Game 57 Recap: Goats and Wolves

In ancient Rome, the festival of Lupercalia was typically celebrated between the 13th and 15th of February. As part of the festival, a group of Luperci, or "wolf brothers" would oversee the sacrifice of goats, a feast served, and whips made from the goat leather would be used to strike women to encourage fertility.

Rome was a weird place, but the Jackets did a pretty good job of sacrificing a few of their personal goats last night.

Despite the distractions around the team of the Rick Nash trade speculation, the Jackets were able to celebrate the return of Mark Letestu, who took Ryan Johansen's place in the lineup. Meanwhile, Steve Mason was given the starting job, after head coach Todd Richards told the media that Curtis Sanford's back issues are "likely to keep him off the ice for a while".

Facing the Jackets were some old familiar faces - Ken Hitchcock and a Blues team that has rocketed to within six points of the Red Wings for the top spot in the central, and with games in hand at that. After Jaroslav Halak shut out the San Jose Sharks on Sunday, he was given the net, and many expected him to try for a league leading 7th shutout performance.

What they forgot was that even when the standings don't matter, these teams hate each other.

The fireworks started early for the crowd at Nationwide Arena, as the Blues received an early power play thanks to a bad hook by Derek Dorsett.

With Steve Mason beaten cleanly by a Chris Stewart shot, James Wisniewski would stand on the goal line and make a save with his stick, keeping the puck from crossing the line and sending it rocketing back up the ice. The play would require review from the war room, but it was judged that the puck did not completely cross the line, and the Jackets would continue on.

Dorsett's road to redemption for the penalty began when he and B.J. Crombeen engaged in a tilt that brought fans to their feet, but the Jackets would not find themselves into smooth sailing. Despite a late power play when Barret Jackman was called for tripping, a bad turnover by Jeff Carter would spring David Perron and David Backes on a shorthanded 2 on 1. Derick Brassard attempted to take away the pass while Carter came back to help, but Backes would beat Mason to give the visitors an early lead. Amazingly, this was only the sixth shorthanded goal allowed by the Jackets this season, but it reinforced the often frustrating nature of the team's power play.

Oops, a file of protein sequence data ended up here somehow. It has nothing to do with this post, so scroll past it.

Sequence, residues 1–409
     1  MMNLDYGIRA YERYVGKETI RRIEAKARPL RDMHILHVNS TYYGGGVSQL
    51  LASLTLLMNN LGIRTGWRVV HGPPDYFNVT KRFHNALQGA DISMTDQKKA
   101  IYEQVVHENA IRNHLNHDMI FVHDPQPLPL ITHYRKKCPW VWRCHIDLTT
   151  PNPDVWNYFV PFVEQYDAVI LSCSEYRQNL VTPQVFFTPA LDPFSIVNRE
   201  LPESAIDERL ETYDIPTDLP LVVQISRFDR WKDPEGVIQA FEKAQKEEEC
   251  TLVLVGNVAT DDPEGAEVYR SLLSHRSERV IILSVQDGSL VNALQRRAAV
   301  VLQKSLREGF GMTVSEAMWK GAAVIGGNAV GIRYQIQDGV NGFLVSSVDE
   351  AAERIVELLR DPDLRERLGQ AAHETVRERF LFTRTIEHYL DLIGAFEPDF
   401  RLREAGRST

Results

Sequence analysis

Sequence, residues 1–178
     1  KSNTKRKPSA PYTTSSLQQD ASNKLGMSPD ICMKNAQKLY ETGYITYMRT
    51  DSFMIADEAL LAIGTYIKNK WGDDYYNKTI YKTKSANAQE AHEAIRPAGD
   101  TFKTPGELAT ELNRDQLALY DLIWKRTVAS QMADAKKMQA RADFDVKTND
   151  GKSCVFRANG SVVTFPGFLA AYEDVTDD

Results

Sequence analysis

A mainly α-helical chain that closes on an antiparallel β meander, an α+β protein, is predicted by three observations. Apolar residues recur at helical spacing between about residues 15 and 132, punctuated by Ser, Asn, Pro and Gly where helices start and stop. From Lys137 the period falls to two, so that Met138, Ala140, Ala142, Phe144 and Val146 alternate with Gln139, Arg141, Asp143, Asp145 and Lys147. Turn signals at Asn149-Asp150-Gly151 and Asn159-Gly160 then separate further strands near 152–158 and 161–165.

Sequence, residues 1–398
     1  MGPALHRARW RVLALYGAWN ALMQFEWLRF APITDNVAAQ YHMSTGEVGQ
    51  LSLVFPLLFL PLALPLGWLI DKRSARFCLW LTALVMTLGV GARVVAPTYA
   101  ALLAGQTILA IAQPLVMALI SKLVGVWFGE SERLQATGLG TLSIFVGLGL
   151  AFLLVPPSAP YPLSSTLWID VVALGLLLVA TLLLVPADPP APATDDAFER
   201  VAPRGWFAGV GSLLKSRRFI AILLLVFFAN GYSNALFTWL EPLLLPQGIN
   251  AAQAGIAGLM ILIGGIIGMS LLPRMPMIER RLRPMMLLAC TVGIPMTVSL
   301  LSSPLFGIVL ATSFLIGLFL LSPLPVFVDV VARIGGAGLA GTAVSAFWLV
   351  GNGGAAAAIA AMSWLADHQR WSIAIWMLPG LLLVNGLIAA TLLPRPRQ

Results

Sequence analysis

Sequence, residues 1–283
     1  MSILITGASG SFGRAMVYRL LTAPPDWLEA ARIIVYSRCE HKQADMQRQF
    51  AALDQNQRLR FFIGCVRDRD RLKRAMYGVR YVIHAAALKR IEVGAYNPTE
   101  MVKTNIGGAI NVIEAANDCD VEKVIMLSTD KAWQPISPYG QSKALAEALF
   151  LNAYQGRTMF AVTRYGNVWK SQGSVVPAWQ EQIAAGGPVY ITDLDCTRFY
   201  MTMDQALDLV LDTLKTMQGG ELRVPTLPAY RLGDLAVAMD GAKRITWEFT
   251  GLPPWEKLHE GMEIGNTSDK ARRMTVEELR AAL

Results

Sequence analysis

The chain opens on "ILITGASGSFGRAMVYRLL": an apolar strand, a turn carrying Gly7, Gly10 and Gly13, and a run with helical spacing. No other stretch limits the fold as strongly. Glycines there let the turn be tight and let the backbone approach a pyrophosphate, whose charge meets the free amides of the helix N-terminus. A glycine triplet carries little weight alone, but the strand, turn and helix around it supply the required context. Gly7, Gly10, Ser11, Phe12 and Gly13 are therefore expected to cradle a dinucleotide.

Fortunately, there was still time left on the clock.

With the period and the penalty winding down, Jeff Carter won a key offensive zone faceoff, kicking the puck to Mark Letestu, who immediately served up The Wiz. A booming slapshoot found its' way past the Blues' PK and Halak at the last possible second before the period came to an end, and once again the War Room would be consulted. In a bit of karmic clock payback, the puck was found to have crossed the goal line (completely!) with 0.2 seconds left in regulation, and the game was tied.

(Believe it or not, that goal also improved the Jackets' PP to 17.6% on the year, tying them for 15th.)

Dorsett and Backes would engage in another scrum midway through the second, and the Jackets would ride the energy, dominating the possession and forcing Halak to make a bushel of saves, including another Columbus power play when the puck was cleared over the glass, but the team could not find an edge on the Slovakian goalie before the period came to an end.